JG: Tony will be like, “this song’s 112 BPM,” and me and Patterson will have bowls of spaghetti on our heads.
HK: Last night, the show starts, and Patterson pulls out a trombone and is like, “I’m going to play this trombone for a while,” and I’m like, “Okay, this is news to me.” The rhythm section doesn’t like improv as much as the pedal boys.
JG: One time, [Patterson] had this World War I tuba, and I had a clown comb with a contact mic hooked up to it, and my hair was down to my shoulders. I was combing my hair with the contact mic and it was like SCHDFFFF, and he was playing the tuba, and everyone [in the audience] was just like …
HK: It’s like those clickbait things where it’s like “Doctors hate ‘em!”, but instead, it’s “Sound guys hate ‘em!”
EW: What do you hope that audiences come away from your shows feeling?
JP: I mean, for me, the experience that I look for with any kind of art experience is getting lost in that little world, whatever it is. If we can draw people in, and have them confused, or excited, or stoked on a really catchy hook for a second, and then confused again, or scared, or whatever…that’s pretty exciting for me to imagine people having that experience.
JG: For me, I want them to feel like the Kool-Aid man right before, and right after, he jumps through the wall.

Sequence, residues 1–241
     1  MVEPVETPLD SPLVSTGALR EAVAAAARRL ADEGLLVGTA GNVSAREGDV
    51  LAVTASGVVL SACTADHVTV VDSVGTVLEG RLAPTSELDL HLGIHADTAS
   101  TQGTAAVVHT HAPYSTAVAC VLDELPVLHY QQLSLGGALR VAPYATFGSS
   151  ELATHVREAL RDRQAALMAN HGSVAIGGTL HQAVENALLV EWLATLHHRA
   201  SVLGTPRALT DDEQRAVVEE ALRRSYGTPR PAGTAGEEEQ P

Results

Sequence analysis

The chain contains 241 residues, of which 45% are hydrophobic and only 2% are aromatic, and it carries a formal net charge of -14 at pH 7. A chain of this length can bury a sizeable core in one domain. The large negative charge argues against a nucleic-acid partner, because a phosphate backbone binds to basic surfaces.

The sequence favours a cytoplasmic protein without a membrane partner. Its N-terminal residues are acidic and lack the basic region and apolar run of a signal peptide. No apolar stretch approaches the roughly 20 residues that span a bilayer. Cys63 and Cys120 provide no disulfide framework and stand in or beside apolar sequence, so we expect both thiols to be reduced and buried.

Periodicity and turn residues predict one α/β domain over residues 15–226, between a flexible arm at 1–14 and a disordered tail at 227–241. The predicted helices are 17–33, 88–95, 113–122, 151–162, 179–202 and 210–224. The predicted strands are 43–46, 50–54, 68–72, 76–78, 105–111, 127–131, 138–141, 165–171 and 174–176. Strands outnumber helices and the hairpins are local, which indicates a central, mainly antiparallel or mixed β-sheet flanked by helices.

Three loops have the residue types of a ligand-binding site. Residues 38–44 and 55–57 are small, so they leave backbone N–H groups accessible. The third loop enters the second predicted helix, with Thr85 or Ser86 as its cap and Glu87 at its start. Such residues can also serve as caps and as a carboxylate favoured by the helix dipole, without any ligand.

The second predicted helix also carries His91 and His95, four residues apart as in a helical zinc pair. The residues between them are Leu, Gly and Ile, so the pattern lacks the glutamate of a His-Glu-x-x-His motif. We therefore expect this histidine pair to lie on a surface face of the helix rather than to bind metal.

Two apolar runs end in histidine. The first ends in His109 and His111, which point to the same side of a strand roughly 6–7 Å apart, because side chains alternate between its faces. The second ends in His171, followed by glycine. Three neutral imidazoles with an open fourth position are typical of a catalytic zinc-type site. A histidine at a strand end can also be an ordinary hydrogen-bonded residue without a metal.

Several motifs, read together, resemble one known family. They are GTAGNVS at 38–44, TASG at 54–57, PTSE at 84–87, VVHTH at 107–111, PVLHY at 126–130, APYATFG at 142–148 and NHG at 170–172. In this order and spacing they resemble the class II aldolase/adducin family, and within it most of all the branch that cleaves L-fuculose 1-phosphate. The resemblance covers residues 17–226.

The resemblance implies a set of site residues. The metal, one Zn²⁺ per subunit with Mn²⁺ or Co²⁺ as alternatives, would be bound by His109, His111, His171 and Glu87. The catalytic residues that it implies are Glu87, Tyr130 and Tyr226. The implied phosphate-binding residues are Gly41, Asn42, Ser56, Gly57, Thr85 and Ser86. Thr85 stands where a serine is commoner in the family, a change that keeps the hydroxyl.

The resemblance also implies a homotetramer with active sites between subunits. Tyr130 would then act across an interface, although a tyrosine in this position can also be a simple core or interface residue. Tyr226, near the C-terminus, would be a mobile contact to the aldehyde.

HK: I think as an audience member, I’m just getting the sensation of “wall.”
JG: At some point, you’ve gotta bust through it, y’know?
HK: As an audience member, though, I love RINSE DREAM. I think the shows are fun, and I think they’re really interesting. I’ve played with RINSE DREAM with my other band and I’ve been like, “I’m glad RINSE DREAM’s here, because my stuff feels like more of the same, and this is gonna really break it up.” That show at Black Lab a couple of months ago was so crazy — Justin’s mic completely cut out and it didn’t even matter.
Me: What are you excited for coming up?
JG: Relocating! We’re pretty much going to be an LA-based band within a month. We’re just going to jump into a whole new thing.
JP: Very soon, we’re playing in July, a group of shows in California with Necking and NORMANS that are gonna be super fun!
JG: It’s fun to go to a city where there’s a massive scene of stuff happening.
Me: Seems compatible with your maximalist approach!
JG: Yeah. I think it’ll be good.